17 March, 2010

Why is there something instead of nothing?

Atheists are often derided for supposedly believing that something came from nothing. The most notorious proponent of this is probably Ray Comfort, who for someone that spends so much time talking about atheists actually knows very little about them.

Here's what I think...

Why do birds exist? Why do trees exist? Why does MacDonalds exist? Why does Leitrim exist?

Let's get to the main question - why does anything exist?

It's a great question. You could literally think about it for ever and never really answer it. But I personally think it's a flawed question.


Well, some people seem to think that nothing is more natural than something. That prior to reality as we know it existing, there was nothing. Then at some stage something appeared, somehow.

I suppose I can understand why some people think like this. But why is nothingness the default position? Why does nothingness seem more likely than somethingness?

It should really be the other way around.

What experience do we have of the two options? We certainly have no experience of nothingness. So it doesn't make sense to assume that nothingness ever existed (so to speak). On the other hand, we have extensive experience of somethingness, and yet it is assumed that this is the more unlikely of the two. Strange.

Furthermore, what is nothingness? I mean, it's easy to describe - it's literally nothing. But what is it? You can't conceive of it because whatever you imagine it to be is automatically something! Even if you imagine a great empty void, that is still something, just an empty something.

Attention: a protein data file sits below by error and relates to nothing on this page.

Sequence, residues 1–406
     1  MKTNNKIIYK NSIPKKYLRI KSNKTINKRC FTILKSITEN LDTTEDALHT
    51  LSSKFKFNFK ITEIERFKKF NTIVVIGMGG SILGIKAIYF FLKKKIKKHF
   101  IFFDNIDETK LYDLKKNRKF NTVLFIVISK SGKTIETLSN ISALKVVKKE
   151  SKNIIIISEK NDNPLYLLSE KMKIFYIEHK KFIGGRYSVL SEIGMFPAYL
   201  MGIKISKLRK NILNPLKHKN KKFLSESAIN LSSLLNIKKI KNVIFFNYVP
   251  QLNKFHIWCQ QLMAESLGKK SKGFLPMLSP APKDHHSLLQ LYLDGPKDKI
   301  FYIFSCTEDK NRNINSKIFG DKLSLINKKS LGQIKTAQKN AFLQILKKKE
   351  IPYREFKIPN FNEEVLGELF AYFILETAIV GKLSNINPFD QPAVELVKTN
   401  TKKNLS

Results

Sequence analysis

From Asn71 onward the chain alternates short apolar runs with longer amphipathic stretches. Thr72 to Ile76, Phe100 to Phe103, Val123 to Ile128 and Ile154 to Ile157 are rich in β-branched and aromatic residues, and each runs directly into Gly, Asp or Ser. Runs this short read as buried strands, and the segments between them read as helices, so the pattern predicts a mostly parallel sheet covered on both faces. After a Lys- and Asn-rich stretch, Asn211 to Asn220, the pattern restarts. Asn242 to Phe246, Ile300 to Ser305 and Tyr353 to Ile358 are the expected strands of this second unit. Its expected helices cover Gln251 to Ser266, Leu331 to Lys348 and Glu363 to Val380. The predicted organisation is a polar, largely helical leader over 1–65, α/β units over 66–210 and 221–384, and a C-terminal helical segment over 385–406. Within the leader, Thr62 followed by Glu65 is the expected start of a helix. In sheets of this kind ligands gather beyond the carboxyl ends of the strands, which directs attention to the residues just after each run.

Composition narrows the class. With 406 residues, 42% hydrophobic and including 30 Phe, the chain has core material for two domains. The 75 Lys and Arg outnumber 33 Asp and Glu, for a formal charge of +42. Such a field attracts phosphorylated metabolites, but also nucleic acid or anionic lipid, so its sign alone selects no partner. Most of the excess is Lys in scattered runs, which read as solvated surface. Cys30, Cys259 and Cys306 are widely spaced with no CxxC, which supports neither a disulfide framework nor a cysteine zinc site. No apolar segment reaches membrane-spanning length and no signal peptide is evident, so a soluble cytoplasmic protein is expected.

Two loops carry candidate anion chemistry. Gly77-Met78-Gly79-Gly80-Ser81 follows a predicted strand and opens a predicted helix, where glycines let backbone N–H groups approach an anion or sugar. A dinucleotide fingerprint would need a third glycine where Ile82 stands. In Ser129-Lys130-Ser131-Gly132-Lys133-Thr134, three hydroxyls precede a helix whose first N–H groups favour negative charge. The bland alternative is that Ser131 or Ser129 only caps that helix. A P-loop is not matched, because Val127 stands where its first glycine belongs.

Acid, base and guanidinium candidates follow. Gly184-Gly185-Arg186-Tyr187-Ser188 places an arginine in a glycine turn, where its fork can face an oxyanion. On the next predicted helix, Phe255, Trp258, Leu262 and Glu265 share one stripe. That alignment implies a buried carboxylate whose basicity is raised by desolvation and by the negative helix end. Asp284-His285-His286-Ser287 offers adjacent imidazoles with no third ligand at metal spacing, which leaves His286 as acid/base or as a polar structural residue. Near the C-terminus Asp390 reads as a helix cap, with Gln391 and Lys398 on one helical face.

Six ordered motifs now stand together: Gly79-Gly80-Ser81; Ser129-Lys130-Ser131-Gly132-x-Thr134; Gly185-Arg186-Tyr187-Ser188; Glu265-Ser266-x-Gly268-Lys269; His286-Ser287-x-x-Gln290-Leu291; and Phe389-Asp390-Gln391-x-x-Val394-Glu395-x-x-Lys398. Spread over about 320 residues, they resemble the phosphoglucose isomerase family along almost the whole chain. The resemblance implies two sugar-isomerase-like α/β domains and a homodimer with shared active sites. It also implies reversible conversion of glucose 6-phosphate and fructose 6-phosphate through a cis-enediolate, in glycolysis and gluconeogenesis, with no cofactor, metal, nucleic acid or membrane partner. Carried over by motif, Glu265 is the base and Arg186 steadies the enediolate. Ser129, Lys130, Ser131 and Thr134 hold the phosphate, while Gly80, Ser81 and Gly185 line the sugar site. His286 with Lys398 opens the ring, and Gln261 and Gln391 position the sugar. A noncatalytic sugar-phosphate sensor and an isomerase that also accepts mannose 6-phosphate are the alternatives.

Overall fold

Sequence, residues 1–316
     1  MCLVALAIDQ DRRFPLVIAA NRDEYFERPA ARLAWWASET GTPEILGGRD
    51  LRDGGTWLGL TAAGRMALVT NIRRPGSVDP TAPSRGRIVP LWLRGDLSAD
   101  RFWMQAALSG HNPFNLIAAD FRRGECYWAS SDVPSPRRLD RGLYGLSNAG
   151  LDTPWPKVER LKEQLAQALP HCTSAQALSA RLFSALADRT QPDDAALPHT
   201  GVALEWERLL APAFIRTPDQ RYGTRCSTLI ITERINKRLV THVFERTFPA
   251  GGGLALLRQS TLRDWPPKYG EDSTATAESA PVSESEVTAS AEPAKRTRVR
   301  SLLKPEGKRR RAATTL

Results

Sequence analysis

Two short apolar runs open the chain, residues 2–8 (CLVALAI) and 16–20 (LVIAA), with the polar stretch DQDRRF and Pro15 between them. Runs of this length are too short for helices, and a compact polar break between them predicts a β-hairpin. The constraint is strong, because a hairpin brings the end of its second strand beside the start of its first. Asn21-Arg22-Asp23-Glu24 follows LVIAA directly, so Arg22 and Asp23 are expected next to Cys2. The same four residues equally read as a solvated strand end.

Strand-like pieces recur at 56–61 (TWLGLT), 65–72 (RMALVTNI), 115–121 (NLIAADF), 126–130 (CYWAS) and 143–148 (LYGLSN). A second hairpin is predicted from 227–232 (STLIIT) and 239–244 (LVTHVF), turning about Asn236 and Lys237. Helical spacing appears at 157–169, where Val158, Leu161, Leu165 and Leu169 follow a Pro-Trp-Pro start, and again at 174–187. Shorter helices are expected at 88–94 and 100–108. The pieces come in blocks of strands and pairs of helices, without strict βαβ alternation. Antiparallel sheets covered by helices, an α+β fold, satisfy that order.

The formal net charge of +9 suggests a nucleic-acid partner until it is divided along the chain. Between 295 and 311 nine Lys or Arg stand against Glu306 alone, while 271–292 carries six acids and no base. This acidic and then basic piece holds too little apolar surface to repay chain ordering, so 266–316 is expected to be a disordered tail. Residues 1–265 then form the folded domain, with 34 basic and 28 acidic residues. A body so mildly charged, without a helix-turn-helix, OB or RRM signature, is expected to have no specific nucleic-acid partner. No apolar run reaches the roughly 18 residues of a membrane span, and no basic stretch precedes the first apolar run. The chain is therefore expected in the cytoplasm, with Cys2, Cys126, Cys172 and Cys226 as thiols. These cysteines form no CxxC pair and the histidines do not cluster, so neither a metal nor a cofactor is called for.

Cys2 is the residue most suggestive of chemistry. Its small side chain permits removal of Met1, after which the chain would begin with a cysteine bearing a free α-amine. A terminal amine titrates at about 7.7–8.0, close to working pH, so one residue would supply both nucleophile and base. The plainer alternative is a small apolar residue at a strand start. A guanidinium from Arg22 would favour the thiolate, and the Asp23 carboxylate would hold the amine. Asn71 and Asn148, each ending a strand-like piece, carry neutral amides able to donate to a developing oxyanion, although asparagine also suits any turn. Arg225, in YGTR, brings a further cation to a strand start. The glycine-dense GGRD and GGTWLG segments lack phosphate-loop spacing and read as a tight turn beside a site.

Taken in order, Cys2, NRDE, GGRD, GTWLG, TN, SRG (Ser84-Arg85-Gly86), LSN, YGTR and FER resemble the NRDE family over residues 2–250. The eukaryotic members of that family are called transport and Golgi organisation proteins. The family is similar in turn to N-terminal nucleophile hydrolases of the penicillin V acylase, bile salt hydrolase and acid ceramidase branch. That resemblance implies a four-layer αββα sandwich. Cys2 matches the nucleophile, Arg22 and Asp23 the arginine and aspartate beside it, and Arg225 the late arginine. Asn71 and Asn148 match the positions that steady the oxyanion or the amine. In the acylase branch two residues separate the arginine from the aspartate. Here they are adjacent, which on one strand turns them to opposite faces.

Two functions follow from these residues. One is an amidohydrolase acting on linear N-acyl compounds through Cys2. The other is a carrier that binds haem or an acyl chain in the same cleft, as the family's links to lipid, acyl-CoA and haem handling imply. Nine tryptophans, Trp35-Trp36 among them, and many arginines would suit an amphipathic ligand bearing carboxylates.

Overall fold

So as far as our limited human minds can comprehend, nothingness actually seems impossible. Now of course it may be that nothingness is actually possible, but we just can't comprehend it. But this is hardly solid ground to assume that nothingness did exist (so to speak), or even that it is more likely than somethingness.

Obviously this has been pondered by minds far greater than mine, but I haven't read much about it, so for what it's worth I'm saying that somethingness, i.e. reality as we know it or not, has always existed. This is strange, I know. But in my opinion, for the reasons given above, it is far more strange to think that at some stage there was literally nothing.

So with his definition, Comfort is wrong.

This should mean something.

But Comfort is often wrong, so it means nothing.


uzza said...

I like it.

Ryk said...

Ive made this same argument many times. Until someone can demonstrate that there was ever "nothing" then I must assume there has always been something. Even if that something was simply empty space which is still a something.

RBH said...

Put another way, the question "Why is there something rather than nothing" presupposes that 'nothing' is the default state. There's no reason to believe that, particularly given the fact that at the quantum level, virtual particles ensure that there's always 'something'.

rhiggs said...




Thanks for the comment. I must admit I'm not too good with arguments that concern the quantum level, but its nice to know that it backs up my opinion...

rhiggs said...

Interesting post here on this topic, along the lines of what RBH said...

RBH said...

Yeah, I read that post last night and vaguely remembered commenting somewhere to that effect, but couldn't remember where. Good thing I'm still subscribed to this comment thread! :)